A few weeks ago I was with two friends, one of whom very abruptly became angry with the other over something that seemed to me quite small. A difference of opinion, as it turned out, about a political matter. Very angry and very small, at least in the sense that the issue wasn’t important to their well-being or anything that was in their control. It was triggered by an everyday observation about the behavior of one particular politician. You’ve probably heard or made similar comments yourself.
To me, however, it was stunning. Why? Because, in that moment, I saw something that I sometimes do: make a fuss with my wife over a subject of no real consequence, even though it tends not to be about politics. And, I’ll tell you what, what I saw wasn’t pretty. I’m sure it is every bit as unfortunate when I do it as when it happens between these two friends. For me it was a turning point. I have been much different since that day. More than once I’ve replayed in my head what I saw happening in front of me. I’m hoping that the change in me lasts and am writing this to keep myself on target.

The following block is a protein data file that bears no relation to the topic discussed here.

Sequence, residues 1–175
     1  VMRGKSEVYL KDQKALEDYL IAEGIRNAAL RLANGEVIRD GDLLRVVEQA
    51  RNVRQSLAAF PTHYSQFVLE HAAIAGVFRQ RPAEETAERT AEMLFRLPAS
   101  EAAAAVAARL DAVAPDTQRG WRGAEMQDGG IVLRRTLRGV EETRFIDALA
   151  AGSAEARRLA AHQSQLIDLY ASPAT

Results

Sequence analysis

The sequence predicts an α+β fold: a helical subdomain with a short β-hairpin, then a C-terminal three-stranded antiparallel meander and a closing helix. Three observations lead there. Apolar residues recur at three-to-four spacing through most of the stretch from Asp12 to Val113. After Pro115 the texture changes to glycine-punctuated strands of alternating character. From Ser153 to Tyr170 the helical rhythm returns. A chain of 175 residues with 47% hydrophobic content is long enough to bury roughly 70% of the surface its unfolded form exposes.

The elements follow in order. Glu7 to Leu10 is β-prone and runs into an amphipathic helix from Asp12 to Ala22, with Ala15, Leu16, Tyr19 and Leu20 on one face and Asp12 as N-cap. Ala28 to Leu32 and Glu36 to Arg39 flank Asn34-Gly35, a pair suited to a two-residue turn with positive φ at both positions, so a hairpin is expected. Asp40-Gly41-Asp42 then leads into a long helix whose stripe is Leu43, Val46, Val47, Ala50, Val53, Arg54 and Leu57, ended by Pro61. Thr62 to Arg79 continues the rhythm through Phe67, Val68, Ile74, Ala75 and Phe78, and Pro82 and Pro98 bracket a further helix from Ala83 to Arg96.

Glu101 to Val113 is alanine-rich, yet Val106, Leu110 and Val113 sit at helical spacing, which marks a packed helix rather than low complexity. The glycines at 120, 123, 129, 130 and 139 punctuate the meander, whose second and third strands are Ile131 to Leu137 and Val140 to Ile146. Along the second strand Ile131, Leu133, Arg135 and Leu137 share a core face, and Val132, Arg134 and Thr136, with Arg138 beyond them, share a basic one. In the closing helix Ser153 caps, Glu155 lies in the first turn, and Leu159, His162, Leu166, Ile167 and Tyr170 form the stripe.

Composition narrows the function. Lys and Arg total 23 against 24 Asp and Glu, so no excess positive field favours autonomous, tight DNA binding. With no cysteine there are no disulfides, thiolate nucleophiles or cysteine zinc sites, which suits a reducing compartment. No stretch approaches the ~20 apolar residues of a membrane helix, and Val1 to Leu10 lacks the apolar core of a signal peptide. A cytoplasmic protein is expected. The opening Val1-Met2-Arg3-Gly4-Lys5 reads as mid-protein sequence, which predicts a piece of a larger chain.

I imagine that when most of us think of the idea of a personal turning point, we conjure up a more operatic circumstance. Something about death or winning (or losing) the presidency or falling in love, to name just a few possibilities. But, sometimes a turning point can be as unremarkable as the very personal one I just described. The kind of event that is inwardly dramatic, but not outwardly dramatic. The kind that has to do with an “aha” moment, the self-knowledge it brings, and a change in behavior because of it.
Put differently, turning points involve both what you experience and how you reflect on that experience. Moreover, that self-reflection must lead to a permanent change in conduct. Yet the trigger needn’t be theatrical. The event I just mentioned was compelling only because of the meaning I gave it. To anyone else watching, it would have been soon forgotten.
Here is a rather different kind of turning point, quite a contrast to the one I just portrayed. It is outwardly dramatic as well as inwardly dramatic. It changed how a teenager led the remaining 55 years of his life. Just reading this brief account might change yours: Turning Point.
The image above is a Korean Traffic “U-turn” Sign by P.Ctnt, sourced from Wikimedia Commons.